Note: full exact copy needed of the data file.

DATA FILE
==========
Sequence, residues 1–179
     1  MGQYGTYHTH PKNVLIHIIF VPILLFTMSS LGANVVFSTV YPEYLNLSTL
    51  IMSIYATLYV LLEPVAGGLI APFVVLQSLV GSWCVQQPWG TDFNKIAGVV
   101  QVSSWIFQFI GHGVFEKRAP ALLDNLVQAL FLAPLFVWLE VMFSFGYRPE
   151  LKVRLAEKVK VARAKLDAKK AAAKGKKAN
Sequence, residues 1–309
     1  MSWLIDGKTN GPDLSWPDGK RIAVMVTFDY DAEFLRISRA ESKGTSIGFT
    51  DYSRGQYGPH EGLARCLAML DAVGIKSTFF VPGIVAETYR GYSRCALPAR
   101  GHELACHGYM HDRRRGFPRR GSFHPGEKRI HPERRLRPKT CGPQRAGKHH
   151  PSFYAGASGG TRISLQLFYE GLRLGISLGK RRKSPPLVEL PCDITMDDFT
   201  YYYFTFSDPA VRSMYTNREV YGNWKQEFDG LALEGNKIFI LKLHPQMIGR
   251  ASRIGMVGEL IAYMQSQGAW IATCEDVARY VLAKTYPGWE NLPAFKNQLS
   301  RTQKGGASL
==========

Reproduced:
Sequence, residues 1–179
     1  MGQYGTYHTH PKNVLIHIIF VPILLFTMSS LGANVVFSTV YPEYLNLSTL
    51  IMSIYATLYV LLEPVAGGLI APFVVLQSLV GSWCVQQPWG TDFNKIAGVV
   101  QVSSWIFQFI GHGVFEKRAP ALLDNLVQAL FLAPLFVWLE VMFSFGYRPE
   151  LKVRLAEKVK VARAKLDAKK AAAKGKKAN
Sequence, residues 1–309
     1  MSWLIDGKTN GPDLSWPDGK RIAVMVTFDY DAEFLRISRA ESKGTSIGFT
    51  DYSRGQYGPH EGLARCLAML DAVGIKSTFF VPGIVAETYR GYSRCALPAR
   101  GHELACHGYM HDRRRGFPRR GSFHPGEKRI HPERRLRPKT CGPQRAGKHH
   151  PSFYAGASGG TRISLQLFYE GLRLGISLGK RRKSPPLVEL PCDITMDDFT
   201  YYYFTFSDPA VRSMYTNREV YGNWKQEFDG LALEGNKIFI LKLHPQMIGR
   251  ASRIGMVGEL IAYMQSQGAW IATCEDVARY VLAKTYPGWE NLPAFKNQLS
   301  RTQKGGASL